Liens are an effective method to make sure that those associated with a workers’ compensation case receive compensation for services rendered, and also to ensure that a worker does not receive double payments from both the disability system and the workers’ compensation system. If you have a question about liens in workers’ compensation cases, contact me today at (714) 516-8188. We can discuss your business and the lien process

“Serious and Willful”

When an employee makes a workers’ compensation claim, typically all or he she needs to prove is that he or she was injured and that injury was, in fact, sustained at work. Once the employee provides this proof, a claim is typically approved. The majority of disputes in workers’ compensation cases are not over whether an injury occurred, but rather the degree of the injury and the degree of the disability. Once that is settled, an employee will typically receive at least some degree of compensation. The employee’s burden of proof is quite low. He or she does not need to prove that the injury was the employer’s fault, but only that the injury happened and it was a work-related injury.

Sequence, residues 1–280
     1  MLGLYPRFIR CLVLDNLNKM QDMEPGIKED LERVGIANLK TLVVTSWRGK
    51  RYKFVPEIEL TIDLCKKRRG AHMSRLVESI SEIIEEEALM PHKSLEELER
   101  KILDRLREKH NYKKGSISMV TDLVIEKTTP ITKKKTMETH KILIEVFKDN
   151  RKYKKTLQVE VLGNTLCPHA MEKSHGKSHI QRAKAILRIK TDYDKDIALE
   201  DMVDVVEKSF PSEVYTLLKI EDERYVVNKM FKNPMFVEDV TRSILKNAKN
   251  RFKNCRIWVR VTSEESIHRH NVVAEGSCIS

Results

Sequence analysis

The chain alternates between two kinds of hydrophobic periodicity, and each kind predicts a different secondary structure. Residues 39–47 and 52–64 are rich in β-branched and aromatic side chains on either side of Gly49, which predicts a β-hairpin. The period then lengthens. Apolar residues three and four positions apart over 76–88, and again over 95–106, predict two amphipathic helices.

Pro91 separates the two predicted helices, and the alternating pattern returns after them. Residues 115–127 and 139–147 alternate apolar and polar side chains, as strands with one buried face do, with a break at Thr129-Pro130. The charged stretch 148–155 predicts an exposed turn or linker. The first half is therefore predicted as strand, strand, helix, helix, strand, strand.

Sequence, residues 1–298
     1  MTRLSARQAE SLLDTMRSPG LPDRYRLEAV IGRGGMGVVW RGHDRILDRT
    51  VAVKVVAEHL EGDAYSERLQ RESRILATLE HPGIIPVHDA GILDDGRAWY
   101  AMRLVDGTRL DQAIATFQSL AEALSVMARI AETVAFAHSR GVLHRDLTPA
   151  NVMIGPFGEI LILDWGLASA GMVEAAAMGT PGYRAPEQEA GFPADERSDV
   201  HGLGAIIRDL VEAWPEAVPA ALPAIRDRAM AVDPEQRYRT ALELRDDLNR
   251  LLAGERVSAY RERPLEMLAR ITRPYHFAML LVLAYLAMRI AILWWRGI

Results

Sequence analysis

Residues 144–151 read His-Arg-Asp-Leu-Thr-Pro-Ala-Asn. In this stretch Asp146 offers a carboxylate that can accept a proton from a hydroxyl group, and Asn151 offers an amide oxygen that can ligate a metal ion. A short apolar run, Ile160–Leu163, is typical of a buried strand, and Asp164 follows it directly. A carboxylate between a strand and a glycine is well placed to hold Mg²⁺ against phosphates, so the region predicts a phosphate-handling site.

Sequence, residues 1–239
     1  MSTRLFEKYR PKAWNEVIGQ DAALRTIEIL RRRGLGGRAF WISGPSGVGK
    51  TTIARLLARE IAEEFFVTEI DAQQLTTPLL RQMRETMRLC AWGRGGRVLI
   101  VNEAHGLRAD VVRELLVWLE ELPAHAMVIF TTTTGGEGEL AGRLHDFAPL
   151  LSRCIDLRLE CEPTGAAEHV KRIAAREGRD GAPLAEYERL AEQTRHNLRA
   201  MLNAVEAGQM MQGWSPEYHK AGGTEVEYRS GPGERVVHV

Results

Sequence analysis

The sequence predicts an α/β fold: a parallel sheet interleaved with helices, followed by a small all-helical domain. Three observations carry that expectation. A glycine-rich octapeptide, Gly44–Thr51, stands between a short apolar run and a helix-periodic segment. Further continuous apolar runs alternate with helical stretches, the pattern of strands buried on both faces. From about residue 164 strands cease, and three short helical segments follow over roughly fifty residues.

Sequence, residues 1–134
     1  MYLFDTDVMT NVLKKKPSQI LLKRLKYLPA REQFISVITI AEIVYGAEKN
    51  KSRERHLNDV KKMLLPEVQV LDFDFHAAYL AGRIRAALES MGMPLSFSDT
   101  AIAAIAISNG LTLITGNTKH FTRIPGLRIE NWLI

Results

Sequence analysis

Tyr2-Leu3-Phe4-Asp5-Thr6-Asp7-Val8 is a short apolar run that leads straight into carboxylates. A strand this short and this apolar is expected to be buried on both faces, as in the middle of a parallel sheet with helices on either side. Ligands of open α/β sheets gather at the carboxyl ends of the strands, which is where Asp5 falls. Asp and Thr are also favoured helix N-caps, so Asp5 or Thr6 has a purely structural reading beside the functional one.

A claim for additional compensation under Labor Code 4553 is a different type of case. In those cases, an employee is making the claim that he or she is entitled to compensation over and above the regular workers’ compensation avenues because of the employer’s serious and willful misconduct. To prove this type of claim, an employee must prove that an employer knew of the danger but did nothing to correct it. The failure must be more than just negligent behavior. An employer must have essentially understood the fact that injury was likely to result from an employer’s failure to act but nevertheless failed to take remedial measures.